Certain large similarities can easily be asserted between the second part of the Summa and the Ethics. Both begin with a hortatory or protreptic discussion of happiness, proceed then to examine the principles of human action, and consider next some particular virtues, in order to end with reflection on particular states of life. But a reader of the two texts could just as easily be struck by large differences. It is obvious that certain Christian doctrines make their appearance in Summa 2, among them the Old and New Law, grace, and the theological virtues of faith, hope, and charity. More pervasively and more subtly, Thomas changes the specificity and confidence of Aristotelian moral teaching. Where Aristotle begins by emphasizing the limitations of moral teaching and raising difficulties about happiness, Thomas offers a rapid ascent to a divine good. Where Aristotle offers a few remarks on the terms for ascribing and mitigating responsibility, Thomas gives a detailed analysis of nine interlocking acts of knowing and willing. Most profoundly, Thomas engages the structure of Aristotle's Ethics as a pedagogical analogy for the construction of a Christian moral teaching.
In his exposition, Thomas describes three very unequal parts of the Nico-machean Ethics. After a procedural introduction, he says, Aristotle "investigates happiness"in the first part, which is most of the first book. At the end of that book, Aristotle turns to what Thomas counts as the second part of the trichotomy, the main matter of the Ethics: the discussion of virtue. Aristotle begins with the moral virtues. In the second book and part of the third, he defines moral virtue in general and certain principles of moral action. In the balance of the third book and the fourth, Aristotle treats virtues concerned
with interior passions, chiefly fortitude and temperance. In the fifth book, the subject is the virtue of external actions, namely justice. Aristotle's sixth book considers the intellectual virtues. The seventh, eighth, and ninth books describe things that follow on virtues or accompany them, namely continence and friendship. Aristotle's tenth book, which is the (short) third member of Thomas's original trichotomy, completes the treatment of happiness, individually and in the city.106
Compare Thomas's own order in the second part of the Summa. First, Thomas separates the definitions of virtue and the other principles or elements much more strictly from the treatment of particular virtues. Thomas insists, second, on the sufficiency of the four cardinal virtues as a comprehensive organization for all moral virtue. They are the organizing principles, and friendship or continence must be subordinated to them pedagogically. In the Summa, friendship becomes a quasi-potential part of justice,107 while continence appears as a potential part of temperance.108 Third, Thomas suppresses Aristotle's separate treatment of the intellectual virtues. Prudence is combined with the similarly named cardinal virtue. Art is excluded as not pertaining to moral matters. Wisdom, understanding, and knowledge are treated with their related gifts of the Spirit under the appropriate theological virtue.109 Fourth, Thomas inserts into the investigation of principles a long treatment of the passions, which he thinks Aristotle had relegated to the Rhetoric.110 Fifth, Aristotle's discussion of law is moved from the end of the tenth book, where it forms a bridge to the Politics, back to a point just before the consideration of particular virtues. It becomes part of the preliminary review of virtue and choice. Under Thomas's reorganization, then, the Ethics would proceed as follows: investigation of happiness; definitions of virtue, choice, passions, and law; the four cardinal virtues; and the personal attainment of happiness, especially in contemplation.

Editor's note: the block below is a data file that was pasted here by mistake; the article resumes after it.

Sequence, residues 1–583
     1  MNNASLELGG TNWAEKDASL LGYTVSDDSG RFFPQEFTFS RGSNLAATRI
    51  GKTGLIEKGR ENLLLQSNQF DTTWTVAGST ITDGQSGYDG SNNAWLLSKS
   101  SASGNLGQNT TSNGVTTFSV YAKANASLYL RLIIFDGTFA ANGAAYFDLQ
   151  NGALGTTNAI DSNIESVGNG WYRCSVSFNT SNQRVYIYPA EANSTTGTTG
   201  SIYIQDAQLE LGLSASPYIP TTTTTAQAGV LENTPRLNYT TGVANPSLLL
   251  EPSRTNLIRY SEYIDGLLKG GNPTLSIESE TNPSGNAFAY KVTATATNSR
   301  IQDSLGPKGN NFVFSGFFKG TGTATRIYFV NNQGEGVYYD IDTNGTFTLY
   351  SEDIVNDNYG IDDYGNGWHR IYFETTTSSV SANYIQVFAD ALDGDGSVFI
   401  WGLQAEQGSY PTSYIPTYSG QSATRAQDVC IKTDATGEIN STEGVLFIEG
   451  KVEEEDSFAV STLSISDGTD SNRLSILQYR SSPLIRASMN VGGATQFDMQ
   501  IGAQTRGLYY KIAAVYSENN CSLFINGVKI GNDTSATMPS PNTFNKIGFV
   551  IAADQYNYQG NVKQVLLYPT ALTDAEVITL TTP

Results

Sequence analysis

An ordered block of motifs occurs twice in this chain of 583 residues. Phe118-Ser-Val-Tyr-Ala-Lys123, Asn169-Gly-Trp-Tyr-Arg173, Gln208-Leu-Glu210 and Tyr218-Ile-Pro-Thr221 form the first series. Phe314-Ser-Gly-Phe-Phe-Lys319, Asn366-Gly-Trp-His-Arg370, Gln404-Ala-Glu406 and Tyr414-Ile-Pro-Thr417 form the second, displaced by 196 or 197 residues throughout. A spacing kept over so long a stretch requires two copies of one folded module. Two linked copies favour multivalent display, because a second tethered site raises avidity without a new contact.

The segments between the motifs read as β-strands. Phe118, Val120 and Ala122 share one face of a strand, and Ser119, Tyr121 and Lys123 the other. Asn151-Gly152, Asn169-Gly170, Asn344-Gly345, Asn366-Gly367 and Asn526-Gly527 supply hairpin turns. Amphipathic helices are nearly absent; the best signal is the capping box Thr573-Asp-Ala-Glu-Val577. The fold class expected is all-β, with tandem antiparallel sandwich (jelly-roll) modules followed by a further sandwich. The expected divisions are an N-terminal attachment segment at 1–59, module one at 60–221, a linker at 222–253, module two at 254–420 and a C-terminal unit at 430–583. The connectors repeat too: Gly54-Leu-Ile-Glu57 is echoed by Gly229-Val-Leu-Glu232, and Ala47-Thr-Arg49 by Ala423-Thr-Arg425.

Thomas regards his revision of the order of the Ethics as an improvement in clarity and comprehensiveness even for the philosophical order of teaching. Of course the guide that enables Thomas to proceed so much more confidently and clearly through the uncertainties of moral life also requires that he regard a clarified and augmented philosophical ethics as inadequate
106 Thomas's understanding of the order of the Ethics is drawn from his remarks in Sent. Ethic. 1.1, 1.3, 1.4,1.19, 2.1, 3.14, 7.1, and 10.1.
107 Summa theol. 2-2.114. Of course, many of the matters that Aristotle discusses in the books on friendship appear in Thomas under the acts of the theological virtue of charity. See, for example, Summa theol. 2-2.28-33.
108 Summa theol. 2-2.155.
109 Thomas explains this in Summa theol. 2-2. prol.
to moral life. At the center of the revised Aristotelian pattern, Thomas must insert two things: an eminent external principle for teaching good action -a principle much more powerful than the law of cities; and an eminent set of new virtues - virtues much more important for happiness than the cardinal virtues. The principle is grace, and the new virtues are infusions of faith, hope, and charity.
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